President Obama’s 2015 speech commemorating the 50th anniversary of the bloody march in Selma, Alabama reignited a long fought battle to protect the right to vote for all citizens. As the President noted, voter ID laws and the 2013 Supreme Court ruling on Shelby County v. Holder have seriously impeded and infringed on that essential right. The VRA was passed to outlaw discriminatory voting practices that had the effect of disenfranchising racial and ethnic minorities in the United States for decades. In June 2013, the Supreme Court decision on Shelby County v. Holder declared unconstitutional Section 4 of the VRA, which required certain states with a longstanding history of racial discrimination at the polls to receive approval or “pre-clearance” from the U.S. Justice Department over changes to voting practices and procedures. The Court held Section 4 imposed burdens on states that were no longer responsive to voting conditions in Shelby County; additionally, the Court held that the formula for determining whether changes to a state’s voting procedure should be federally reviewed was outdated.

The Shelby ruling resulted in the passive disenfranchisement of thousands – if not millions – of eligible voters. According to the Brennan Center for Justice, a wave of new voting restrictions began in 2010. Since then, at least 21 states have new voting restrictions. This includes 16 states that will have new restrictions in place in for the first time in a presidential election. At least 13 states have introduced bills requiring voters to show photo ID at polling stations, and at least four states have introduced legislation that restricts voter registration mobilization efforts. Not only have voter ID laws imposed an unreasonable burden on some voters to acquire new forms of ID at the polling place, but states that have shortened early voting periods and toughened vote-by-mail criteria have resulted in long lines at polling places, which discourages citizens from heading to the polls.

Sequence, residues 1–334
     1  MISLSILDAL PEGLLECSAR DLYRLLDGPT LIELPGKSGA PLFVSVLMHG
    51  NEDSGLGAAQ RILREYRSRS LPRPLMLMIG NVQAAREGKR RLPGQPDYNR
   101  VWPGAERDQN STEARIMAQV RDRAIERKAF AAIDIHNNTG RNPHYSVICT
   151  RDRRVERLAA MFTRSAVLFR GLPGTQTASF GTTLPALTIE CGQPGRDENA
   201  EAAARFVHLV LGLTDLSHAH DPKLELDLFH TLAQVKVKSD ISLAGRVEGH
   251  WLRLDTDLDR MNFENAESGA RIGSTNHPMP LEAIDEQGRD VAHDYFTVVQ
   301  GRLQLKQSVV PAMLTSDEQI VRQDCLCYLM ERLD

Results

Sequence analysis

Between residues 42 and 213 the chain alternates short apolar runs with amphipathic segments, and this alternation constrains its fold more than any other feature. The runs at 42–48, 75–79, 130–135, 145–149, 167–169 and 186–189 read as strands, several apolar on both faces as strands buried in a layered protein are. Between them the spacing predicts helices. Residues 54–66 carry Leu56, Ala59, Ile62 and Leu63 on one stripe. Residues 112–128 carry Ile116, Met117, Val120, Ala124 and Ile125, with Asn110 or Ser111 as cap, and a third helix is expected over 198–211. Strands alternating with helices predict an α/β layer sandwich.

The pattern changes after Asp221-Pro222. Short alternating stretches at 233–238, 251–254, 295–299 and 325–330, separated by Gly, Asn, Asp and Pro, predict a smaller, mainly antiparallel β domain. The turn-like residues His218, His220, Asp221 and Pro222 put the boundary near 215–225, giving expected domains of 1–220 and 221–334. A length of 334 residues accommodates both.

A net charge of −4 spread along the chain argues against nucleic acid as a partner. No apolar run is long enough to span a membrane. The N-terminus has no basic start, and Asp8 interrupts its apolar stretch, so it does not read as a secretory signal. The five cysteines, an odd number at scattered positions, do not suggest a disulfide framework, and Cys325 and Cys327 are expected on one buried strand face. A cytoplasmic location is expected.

There have been two primary pieces of legislation aimed at restoring the Voting Rights Act. A bipartisan bill introduced by Reps. Jim Sensenbrenner (R-WI) and John Conyers (D-MI) in the House, The Voting Rights Amendment Act of 2015, includes provisions granting federal courts the ability to oversee and approve changes to election laws in states with a history of voter discrimination. It also contains provisions that would allow a form of legal redress for voters who face discrimination at the polls, without requiring proof of discriminatory intent to substantiate a claim; and provisions providing for greater statewide transparency in publicizing changes to voting districts and ID requirements.

A bicameral bill, the Voting Rights Advancement Act of 2015 (VRAA 2015), was introduced by Senators Leahy (D-VT), Durbin (D-IL), and Coons (D-DE) as well as Reps. Lewis (D-GA), Sewell (D-AL), Sanchez (D-CA), and Chu (D-CA). The VRAA 2015 would remedy portions of the VRA that were ruled unconstitutional by the Shelby County decision. The bill includes an updated, nationwide formula that would determine whether a state must seek pre-clearance for voting changes. The formula would initially cover 13 states, and the coverage would last for a period of 10 years. The VRAA 2015 also expands access to the ballot and promotes transparency.

The Problem

The 2016 election is the first presidential election in 50 years without the full protections of the Voting Rights Act. The U.S. government should enact policies that make it easier, not more difficult, for citizens to exercise their constitutionally guaranteed right to vote. It is important for lawmakers to uphold voting rights in states where voting remains difficult or discrimination continues. Until new legislation is passed, equal access to the polls remains an issue in the forthcoming election year.

Moving Forward

• Support and pass legislation like the Voting Rights Amendment Act of 2015 or the Voting Rights Advancement Act of 2015 that protect access to the ballot box, removes barriers to voting, and upholds the guarantees made in Section 5 of the VRA.

• Promote state voter registration procedures, policies and regulations that lower the burden on American citizens exercising their right to vote and remove discriminatory practices.
This includes supporting measures to reduce voting lines and establish fair rules on voter

• Promote online voter registration processes, which will help boost voter participation and will reduce the costs of using paper registration forms. 

Download the AAI Issue Brief:

Voter Rights (2016)

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